Stephanie Beattie threw fellow horsemen under the bus during her testimony for the prosecution Tuesday afternoon at the federal trial of Murray Rojas, a former rival for leading trainer honors at Penn National in Grantville, Pa.
Beattie admitted she routinely had her horses illegally treated with therapeutic medications on race day by the same veterinarians who counted Rojas as a client.
“Almost everybody did,” Beattie said of the practice. “Ninety-five to 98%. It was a known practice. We wanted to win and they weren't testing for those drugs at that time.”
Beattie, 46, won enough races to be Penn National's leading trainer on three occasions. In 2009, her best year, she won 222 races from 811 starts for earnings of $3.4 million. The previous year, when she won 212 races from 612 starts, she had a win percentage of 35 percent.
But it is two-time Penn National leading trainer Rojas, not Beattie, who is on trial for wire fraud, conspiracy and misbranding of prescription drugs. Assistant U.S. Attorney William Behe has laid out a case with testimony and documents from racing officials, veterinarians and vet assistants alleging Rojas requested and received race-day treatment of horses in order to win purse money, then had billing and treatment records falsified to conceal the cheating.
Beattie is among numerous individuals at Penn National under investigation by the Federal Bureau of Investigation. She resisted cooperating with the FBI at first, Beattie testified, even after Special Agent Bruce Doupe told her, “If you don't want to talk, I'll come to your house at 4:30 in the morning, handcuff you and put you in jail for a very long time.”
Finally, Beattie said, after spending more than $60,000 on legal advice, she decided to cooperate with authorities, submitting to numerous interviews and even wearing a recording device on their behalf.
Despite admitting to years of rule violations in multiple states, Beattie has not been sanctioned by any racing commissions and has faced no criminal charges. It has hurt her business, as shown by a 2016 record of 14 wins from 111 starts and earnings of $217,655.
“This investigation has made things tough for me,” she said.
Beattie also said she has stopped cheating with race-day treatments.
Beattie explained how veterinarian Kevin Brophy established an order form for trainers to fill out their race day medication requests. She said her lists regularly included Kentucky Red, Estrone and Amicar – substances that are not permitted within 24 hours of a race.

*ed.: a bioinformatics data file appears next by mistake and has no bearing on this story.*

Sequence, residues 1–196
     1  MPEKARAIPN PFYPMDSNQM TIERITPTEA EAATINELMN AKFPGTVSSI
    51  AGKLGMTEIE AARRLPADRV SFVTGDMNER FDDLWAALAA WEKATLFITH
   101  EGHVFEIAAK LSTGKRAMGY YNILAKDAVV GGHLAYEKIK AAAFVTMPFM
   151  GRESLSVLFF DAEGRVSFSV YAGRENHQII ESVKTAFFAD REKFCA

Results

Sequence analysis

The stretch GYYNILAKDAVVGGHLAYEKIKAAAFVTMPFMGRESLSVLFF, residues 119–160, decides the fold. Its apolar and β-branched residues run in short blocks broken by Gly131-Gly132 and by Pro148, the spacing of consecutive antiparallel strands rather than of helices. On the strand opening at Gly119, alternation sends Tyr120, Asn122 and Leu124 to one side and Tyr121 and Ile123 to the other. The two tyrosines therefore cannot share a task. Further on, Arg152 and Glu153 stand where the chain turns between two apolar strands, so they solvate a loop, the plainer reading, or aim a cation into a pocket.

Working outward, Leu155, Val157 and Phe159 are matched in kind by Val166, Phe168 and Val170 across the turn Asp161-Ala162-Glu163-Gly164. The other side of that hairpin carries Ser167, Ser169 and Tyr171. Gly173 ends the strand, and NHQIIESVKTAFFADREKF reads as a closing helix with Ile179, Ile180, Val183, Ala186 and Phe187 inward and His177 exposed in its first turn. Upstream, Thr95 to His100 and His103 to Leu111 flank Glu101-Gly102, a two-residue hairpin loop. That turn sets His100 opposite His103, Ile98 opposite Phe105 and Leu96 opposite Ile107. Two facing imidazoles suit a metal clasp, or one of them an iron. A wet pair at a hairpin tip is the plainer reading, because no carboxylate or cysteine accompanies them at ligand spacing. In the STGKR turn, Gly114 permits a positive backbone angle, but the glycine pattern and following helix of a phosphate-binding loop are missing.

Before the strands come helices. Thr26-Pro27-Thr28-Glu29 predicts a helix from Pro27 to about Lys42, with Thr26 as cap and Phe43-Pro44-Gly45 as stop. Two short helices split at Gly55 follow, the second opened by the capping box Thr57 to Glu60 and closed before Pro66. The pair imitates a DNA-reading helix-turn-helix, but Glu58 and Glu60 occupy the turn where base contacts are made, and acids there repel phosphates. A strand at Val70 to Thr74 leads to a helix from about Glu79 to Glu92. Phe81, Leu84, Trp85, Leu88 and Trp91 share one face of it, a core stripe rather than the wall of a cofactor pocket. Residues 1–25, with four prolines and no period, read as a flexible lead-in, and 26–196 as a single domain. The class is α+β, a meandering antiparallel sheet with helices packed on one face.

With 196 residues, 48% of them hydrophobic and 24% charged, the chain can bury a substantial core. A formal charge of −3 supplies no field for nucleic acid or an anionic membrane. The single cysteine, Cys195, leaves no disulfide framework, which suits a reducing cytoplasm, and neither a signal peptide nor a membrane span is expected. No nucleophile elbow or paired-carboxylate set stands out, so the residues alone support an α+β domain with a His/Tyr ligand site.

Beattie testified that Brophy and other veterinarians informed her of which drugs the state's testing lab was not testing for.
On Monday, Brophy's associate veterinarian, Fernando Motta, testified that Rojas regularly requested and received treatments of Robinul and Estrone on race day for her horses. Motta beat the test for Robinul, he testified, by administering a lower dose and changing the route of administration to intravenous from intramuscular.
Under cross examination by Robert Goldman, attorney for Rojas, Beattie admitted she never secretly recorded Rojas admitting she had her horses illegally drugged. “There wouldn't be, because we don't talk,” Beattie said.
“You don't like her, do you?” said Goldman, who then revealed that Beattie made fun of Rojas by dressing up like her at a Halloween costume party.
Goldman then recited Beattie's history of medication violations, dating back to her earliest years as a trainer, including a 2005 suspension at Charles Town in West Virginia when officials searched her vehicle and discovered loaded syringes.
Goldman asked: Why did she have injectables?
Beattie responded: “I was giving medication at Lasix time, like everyone else was.”
Beattie denied under oath that she would have shock wave therapy performed on a horse on race day and then have her veterinarian turn in a false name. She said, however, it was “common practice” for horses shipping in to have received shock wave therapy that same day.
She also said she never directed her jockeys or stable employees to use electrical devices, commonly known as buzzers or batteries, to shock horses both during morning workouts and races, as alleged by her former boyfriend and training partner, David Wells. Wells pleaded guilty to charges of rigging a race in a deal with federal prosecutors.
“Did I ever ask them to, no,” Beattie said. “Does it happen at every racetrack, yes. But I never told my jockeys to do it.”
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